Are there mortgage loans where you can borrow for example 30000 The first 15000 to buy a foreclosed home and 15000 to fix it up because the appraisal value is 32000 on this house?
The answer to this question is more or less, yes. First, the home has to be free and clear meaning no lien against the property or that you have $32k in homeequity. Secondly, …most companies require that you live at the property. This can usually be verified with a utility bill, phone bill, bank statement stating your name and address(the address of the property you intend to use). Third, you have to get the home appraised by a licensed professional, if the appraisal comes back at $32k, your in luck. Lastly, you've got to have a decent credit score. Your credit score will determine how much of the $32k you are able to borrow(also known as LTV, Loan To Value). An excellent credit score will most likely enable you to use 100% of the homes appraised value. An average credit score may only allow you to use %80 of the homes value. Additionally, it doesn't really matter what you use the money for as long as you live at the property, have equity in home and have decent credit. Hope this helps!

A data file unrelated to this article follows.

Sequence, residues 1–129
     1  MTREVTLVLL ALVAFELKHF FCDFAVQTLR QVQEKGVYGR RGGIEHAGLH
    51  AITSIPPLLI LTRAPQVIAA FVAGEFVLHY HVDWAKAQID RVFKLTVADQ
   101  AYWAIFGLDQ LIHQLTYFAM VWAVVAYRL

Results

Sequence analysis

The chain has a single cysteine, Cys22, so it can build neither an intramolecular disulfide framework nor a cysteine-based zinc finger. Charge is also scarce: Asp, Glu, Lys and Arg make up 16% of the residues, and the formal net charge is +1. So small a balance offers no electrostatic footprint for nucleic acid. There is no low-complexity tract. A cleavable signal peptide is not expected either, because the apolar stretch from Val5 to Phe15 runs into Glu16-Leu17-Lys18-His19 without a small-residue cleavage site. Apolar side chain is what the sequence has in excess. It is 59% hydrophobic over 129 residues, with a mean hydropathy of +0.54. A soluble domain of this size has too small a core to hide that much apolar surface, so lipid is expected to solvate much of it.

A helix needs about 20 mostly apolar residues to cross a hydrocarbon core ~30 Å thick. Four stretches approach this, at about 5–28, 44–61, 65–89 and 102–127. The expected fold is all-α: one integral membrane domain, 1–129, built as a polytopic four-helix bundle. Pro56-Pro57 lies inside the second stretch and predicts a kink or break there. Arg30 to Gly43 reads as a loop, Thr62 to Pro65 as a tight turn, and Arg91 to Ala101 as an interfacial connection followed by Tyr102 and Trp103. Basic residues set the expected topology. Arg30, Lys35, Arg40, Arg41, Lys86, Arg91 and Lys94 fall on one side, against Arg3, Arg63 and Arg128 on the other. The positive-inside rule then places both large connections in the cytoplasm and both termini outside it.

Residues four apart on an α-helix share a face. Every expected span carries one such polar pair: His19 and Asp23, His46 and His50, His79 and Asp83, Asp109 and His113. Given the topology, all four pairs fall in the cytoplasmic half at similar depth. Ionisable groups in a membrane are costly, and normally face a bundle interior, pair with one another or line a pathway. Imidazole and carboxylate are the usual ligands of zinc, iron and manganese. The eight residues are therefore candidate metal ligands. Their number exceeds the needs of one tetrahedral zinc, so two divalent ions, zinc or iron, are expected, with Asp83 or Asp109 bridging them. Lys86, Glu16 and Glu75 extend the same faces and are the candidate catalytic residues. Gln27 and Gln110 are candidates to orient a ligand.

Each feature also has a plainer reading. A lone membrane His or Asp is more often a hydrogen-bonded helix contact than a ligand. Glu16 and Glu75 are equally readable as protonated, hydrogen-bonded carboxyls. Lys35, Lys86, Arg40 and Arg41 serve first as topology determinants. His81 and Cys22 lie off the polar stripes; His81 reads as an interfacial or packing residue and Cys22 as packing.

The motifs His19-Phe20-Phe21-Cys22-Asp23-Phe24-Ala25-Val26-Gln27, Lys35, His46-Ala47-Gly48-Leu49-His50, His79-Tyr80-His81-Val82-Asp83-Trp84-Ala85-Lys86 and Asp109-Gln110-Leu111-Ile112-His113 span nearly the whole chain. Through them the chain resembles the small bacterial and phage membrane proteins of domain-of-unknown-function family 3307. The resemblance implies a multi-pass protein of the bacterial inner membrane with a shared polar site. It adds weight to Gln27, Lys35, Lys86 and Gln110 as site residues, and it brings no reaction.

To be a train driver you have to be at least 21 years old and have graduated high school. You would also need to undergo a physical exam and go through the Engineer's trai…ning course.
Answer The requirements for becoming a nurse depend on several factors. The state you live in, the "type" of nurse you want to be. There are R.N.'s (r…egistered nurse) which requires more schooling and training, and L.V.N. or L.P.N (lisenced vocational/practical nurse). I am an L.P.N. and my schooling took about 18 months. You must have at least a high school diploma and you must pass certain entrance exam repuirements. There are usually many applicants for a limited number of slots available. I do not make as much money as an R.N. and in some states my level of practice is limited, which means you may be required to take additional courses to become "certified". For example, in Texas, I had no limitations on my scope of practice. I drew blood, gave blood infusions, hung intravenous medications, and in Arizona I must complete additional courses and get "certification" for drawing blood. I don't believe that I can give iv medications nor give blood infusions. To make this long answer short, if you want to become a nurse, think about it very hard. There is a high burn out. In my class of 41 students, 17 graduated. It gets even harder after that. If you like hard work, long hours, immense responsibility and liability, become an R.N. This is not a field to go into for the money, you MUST be seriously drawn to humanitarian motives.